April 20, 2019
April 20, 2019
North Korea says Otto Warmbier’s sudden death “a mystery to us as well”
North Korea says Otto Warmbier’s sudden death “a mystery to us as well”
FM statement insists 22-year old was treated with "all sincerity", denies mistreatment
June 23rd, 2017

Month in Review

North Korea on Friday denied reports that it had mistreated the former U.S. detainee Otto Warmbier and described his sudden death as a “mystery”, in the country’s first public statement since the announcement of the 22-year-old’s death on Wednesday.

In a statement by a DPRK Foreign Ministry spokesman carried by the Korean Central News Agency (KCNA), the North Korean representative claimed the country has been the victim of a “smear campaign” by the U.S.  as part of a “frantic effort” to impose “heinous sanctions”.

“The fact that Warmbier died suddenly in less than a week just after his return to the U.S. in his normal state of health indicators is a mystery to us as well,” the statement said.

Warmbier was suddenly released from North Korea last week, having spent 17 months in detention in the DPRK.

It was soon revealed, however, that he was in a coma and in very poor health – a situation the North Koreans reportedly told his family was due to botulism and having taken a sleeping pill.

But doctors at the University of Cincinnati Medical Center in the U.S. said on June 15 they could not find evidence he had contracted the rare disease, though they did find signs of a “severe neurological injury.”

Repeating claims made last week that Warmbier was released from imprisonment in North Korea on “humanitarian” grounds, the statement insisted that Warmbier had been a “criminal” and that his 15-year sentence to “reform through labor” had been appropriate.

“Although we had no reason at all to show mercy to such a criminal of the enemy state, we provided him with medical treatments and care with all sincerity on humanitarian basis until his return to the U.S., considering that his health got worse,” the statement read.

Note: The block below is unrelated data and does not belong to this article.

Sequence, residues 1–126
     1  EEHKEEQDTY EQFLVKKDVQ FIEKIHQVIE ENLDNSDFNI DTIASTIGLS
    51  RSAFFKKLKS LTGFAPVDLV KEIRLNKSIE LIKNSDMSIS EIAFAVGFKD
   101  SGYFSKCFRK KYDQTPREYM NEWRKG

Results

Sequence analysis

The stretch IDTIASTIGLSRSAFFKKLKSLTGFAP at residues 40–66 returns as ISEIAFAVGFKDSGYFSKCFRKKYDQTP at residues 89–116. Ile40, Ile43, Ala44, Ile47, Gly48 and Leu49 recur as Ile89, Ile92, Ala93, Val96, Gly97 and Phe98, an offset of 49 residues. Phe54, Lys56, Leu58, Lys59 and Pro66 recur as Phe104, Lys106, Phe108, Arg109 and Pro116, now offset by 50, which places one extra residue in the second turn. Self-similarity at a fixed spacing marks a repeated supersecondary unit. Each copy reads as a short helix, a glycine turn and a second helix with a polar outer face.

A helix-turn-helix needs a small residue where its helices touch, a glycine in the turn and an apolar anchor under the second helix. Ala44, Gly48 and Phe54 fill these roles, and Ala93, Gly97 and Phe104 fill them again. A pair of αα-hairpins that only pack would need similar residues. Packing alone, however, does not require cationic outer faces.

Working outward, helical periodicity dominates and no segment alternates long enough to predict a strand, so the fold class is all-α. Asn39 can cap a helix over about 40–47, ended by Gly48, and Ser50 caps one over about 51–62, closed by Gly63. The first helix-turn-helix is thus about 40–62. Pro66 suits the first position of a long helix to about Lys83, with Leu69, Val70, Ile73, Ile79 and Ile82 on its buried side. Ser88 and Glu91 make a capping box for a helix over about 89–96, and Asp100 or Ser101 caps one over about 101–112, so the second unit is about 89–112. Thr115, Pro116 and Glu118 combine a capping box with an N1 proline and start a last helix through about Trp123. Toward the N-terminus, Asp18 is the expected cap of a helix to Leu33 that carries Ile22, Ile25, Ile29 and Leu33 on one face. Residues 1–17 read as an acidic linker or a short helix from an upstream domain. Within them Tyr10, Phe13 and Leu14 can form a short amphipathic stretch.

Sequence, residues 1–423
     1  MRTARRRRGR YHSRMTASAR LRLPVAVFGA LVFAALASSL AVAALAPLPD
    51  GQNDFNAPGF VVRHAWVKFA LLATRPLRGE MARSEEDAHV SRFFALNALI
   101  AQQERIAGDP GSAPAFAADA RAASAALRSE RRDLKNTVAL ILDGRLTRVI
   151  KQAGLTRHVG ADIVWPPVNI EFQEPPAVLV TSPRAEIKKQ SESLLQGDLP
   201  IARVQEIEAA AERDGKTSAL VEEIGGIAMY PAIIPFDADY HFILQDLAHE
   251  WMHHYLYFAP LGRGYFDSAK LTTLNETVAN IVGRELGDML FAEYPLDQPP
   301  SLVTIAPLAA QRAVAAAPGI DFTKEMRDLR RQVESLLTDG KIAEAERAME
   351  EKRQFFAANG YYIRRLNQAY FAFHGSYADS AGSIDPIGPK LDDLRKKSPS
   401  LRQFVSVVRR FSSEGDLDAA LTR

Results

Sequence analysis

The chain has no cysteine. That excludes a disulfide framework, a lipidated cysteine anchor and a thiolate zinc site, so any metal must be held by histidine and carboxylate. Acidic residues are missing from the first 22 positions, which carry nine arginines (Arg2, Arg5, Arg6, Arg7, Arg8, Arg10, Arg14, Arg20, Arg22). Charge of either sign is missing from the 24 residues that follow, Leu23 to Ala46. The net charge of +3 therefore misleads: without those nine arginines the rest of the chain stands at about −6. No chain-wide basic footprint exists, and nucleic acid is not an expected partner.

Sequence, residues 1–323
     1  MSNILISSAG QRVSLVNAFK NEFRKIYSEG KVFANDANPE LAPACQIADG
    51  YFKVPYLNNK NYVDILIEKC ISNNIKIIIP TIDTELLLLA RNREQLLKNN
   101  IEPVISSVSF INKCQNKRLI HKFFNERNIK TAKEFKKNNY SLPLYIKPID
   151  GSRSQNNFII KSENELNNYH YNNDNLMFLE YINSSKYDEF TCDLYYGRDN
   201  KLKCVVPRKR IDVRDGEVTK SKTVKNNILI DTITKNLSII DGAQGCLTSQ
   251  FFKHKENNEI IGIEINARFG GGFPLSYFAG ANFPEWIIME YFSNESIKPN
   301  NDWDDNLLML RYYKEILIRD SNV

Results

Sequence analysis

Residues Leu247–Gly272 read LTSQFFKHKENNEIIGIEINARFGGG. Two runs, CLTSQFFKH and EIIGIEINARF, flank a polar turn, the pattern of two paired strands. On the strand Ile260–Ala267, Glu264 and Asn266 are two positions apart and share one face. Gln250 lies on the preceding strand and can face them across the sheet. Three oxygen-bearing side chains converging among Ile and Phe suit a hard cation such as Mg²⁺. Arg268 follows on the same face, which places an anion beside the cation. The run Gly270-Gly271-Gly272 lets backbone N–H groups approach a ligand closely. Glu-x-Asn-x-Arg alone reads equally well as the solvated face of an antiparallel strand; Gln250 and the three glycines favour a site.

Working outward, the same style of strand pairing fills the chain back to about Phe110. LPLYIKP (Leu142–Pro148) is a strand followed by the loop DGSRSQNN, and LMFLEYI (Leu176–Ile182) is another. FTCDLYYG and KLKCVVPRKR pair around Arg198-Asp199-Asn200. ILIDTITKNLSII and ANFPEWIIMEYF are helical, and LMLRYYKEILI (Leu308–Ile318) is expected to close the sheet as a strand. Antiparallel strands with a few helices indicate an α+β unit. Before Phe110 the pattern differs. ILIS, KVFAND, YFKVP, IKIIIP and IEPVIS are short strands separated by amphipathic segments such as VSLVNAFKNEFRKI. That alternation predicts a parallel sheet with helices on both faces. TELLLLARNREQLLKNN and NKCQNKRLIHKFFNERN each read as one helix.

In response to claims in some U.S. outlets that Warmbier had been subject to torture during his detainment in North Korea, the statement said such accusations were “groundless”.

“The American doctors who came to the DPRK for repatriation of Warmbier will have something to say about it,” it said. “They recognized that his health indicators like pulse, temperature, respiration and the examination result of the heart and lung were all normal and that we provided him with medical treatment.”

The statement also appears to imply that Warmbier had suffered cardiac arrest at some point during his detention in North Korea, saying that DPRK doctors had “brought him back alive whose heart was nearly stopped.”

While the Doctors at University of Cincinnati Health Center said that while the cause of his condition was unknown – the severe brain injury he suffered found could have been caused by a cardiac arrest.

“This pattern of brain injury however, is usually seen as a result of cardiopulmonary arrest where the blood supply to the brain is inadequate for a period of time resulting in the death of brain tissue,” Doctor Daniel Kanter said at a press conference on June 15.

The DPRK statement also blamed the Obama administration for the student’s death.

“Warmbier is a victim of policy of ‘strategic patience’ of Obama who was engrossed in utmost hostility and negation against the DPRK and refused to have dialogue with the DPRK,” it adds.

“Why the U.S. government which claims to care about the welfare of its citizens had not even once made an official request for the release of Warmbier on humanitarian basis during the Obama administration? The answer should be given by the U.S. itself.”

A spokesperson for the former President on Wednesday responded to accusations that the former President did not do enough to secure Warmbier’s release.

“During the course of the Obama Administration, we had no higher priority than securing the release of Americans detained overseas,” Obama spokesman Ned Price said in a statement. “Their tireless efforts resulted in the release of at least 10 Americans from North Korean custody during the course of the Obama administration.”

“It is painful that Mr. Warmbier was not among them, but our efforts on his behalf never ceased, even in the waning days of the administration,” added Price, who served as National Security Council spokesperson during Obama’s administration. “Our thoughts and prayers are with Mr. Warmbier’s family and all who had the blessing of knowing him.”

Warmbier’s family announced his death on Tuesday afternoon local time.

Edited by Hamish Macdonald

Featured Image: Pyongyang Dusk by m•o•m•o on 2012-03-10 01:06:38

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